On offense, Wall scores 0.81 points per play (ranked 343rd). His shot chart isn’t pretty but Wall is shooting career-bests from 3-to-9 feet (40%) and 16-to-23 feet (35%). That’s not great, but been good enough to win a few games for the Wizards this season.
“I’m just being more aggressive from the start of the game, not being passive,” Wall told the patient members of the media who waited in the locker room for Wall to finish a courtside autograph session on Wednesday night. “I think when I was extra passive, I had a lot of turnovers. I’m just being more aggressive and taking better shots than what I was taking. Just giving credit to me working harder with Sam Cassell on my jump shot.”
Wall also mentioned that his strengths are the midrange jumper and shots around the basket, but he’s working on being less hesitant in scoring positions and extending his range beyond the 3-point arc. Jason Kidd did it, Wall said. And so has Rajon Rondo, with a little help from Kidd, as told by Sports Illustrated’s Lee Jenkins:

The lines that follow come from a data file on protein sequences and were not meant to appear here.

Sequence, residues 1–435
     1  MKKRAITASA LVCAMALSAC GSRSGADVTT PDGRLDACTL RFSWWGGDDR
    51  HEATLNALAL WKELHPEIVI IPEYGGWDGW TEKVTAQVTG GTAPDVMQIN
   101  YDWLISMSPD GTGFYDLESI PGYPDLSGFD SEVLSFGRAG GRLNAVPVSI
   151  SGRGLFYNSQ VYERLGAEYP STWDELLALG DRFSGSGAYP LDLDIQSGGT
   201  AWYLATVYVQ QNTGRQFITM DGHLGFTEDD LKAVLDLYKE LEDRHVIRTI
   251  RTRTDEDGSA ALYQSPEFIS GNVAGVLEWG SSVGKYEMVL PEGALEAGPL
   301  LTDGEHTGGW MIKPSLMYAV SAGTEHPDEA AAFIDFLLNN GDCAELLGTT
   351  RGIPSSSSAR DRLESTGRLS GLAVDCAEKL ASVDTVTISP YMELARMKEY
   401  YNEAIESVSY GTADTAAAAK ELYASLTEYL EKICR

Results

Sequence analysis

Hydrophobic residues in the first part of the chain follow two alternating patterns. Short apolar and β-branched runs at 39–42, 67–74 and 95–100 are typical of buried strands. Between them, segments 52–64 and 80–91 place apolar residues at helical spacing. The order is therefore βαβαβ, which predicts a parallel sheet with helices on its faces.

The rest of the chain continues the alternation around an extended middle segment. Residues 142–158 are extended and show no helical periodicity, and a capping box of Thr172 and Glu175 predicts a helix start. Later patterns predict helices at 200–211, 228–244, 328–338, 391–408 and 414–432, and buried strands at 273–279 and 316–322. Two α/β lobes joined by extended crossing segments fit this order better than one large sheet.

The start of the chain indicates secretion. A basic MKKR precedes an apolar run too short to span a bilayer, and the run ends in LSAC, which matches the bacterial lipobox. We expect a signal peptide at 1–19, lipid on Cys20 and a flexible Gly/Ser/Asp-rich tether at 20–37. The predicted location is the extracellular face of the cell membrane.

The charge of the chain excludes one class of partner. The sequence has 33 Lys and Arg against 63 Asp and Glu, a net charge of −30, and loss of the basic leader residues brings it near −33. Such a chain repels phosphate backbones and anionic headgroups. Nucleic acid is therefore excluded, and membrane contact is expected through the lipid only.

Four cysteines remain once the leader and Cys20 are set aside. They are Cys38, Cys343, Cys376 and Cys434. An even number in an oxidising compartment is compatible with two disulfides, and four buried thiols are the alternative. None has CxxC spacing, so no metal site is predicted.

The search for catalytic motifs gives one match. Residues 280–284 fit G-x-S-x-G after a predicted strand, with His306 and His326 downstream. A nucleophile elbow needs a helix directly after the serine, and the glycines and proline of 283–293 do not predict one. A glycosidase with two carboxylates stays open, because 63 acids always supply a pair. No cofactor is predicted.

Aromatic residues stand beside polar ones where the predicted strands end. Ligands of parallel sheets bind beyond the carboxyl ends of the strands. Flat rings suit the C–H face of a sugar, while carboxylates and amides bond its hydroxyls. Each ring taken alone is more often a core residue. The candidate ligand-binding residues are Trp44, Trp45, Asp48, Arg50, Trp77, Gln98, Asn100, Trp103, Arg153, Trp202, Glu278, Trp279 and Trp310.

The Celtics always wondered what Rondo could accomplish if he burned those sagging defenses, and after dozens of fruitless sessions with shot doctors, he was curing his jumper thanks to one simple piece of advice from New York’s Jason Kidd: “If you’re going to shoot, you need to have your mind made up that you’re going to do it.”
I caught up with Kyle Lowry of the Toronto Raptors in February to talk Wall. He’s another guy who enjoys pushing the tempo and grabbing boards. Lowry, however, has also become a deadly 3-pointer shooter—he was a sub-30 percent shooter from deep in his first few seasons, but is shooting better than 40 percent this year. Lowry’s secret? “Hard work,” he insisted.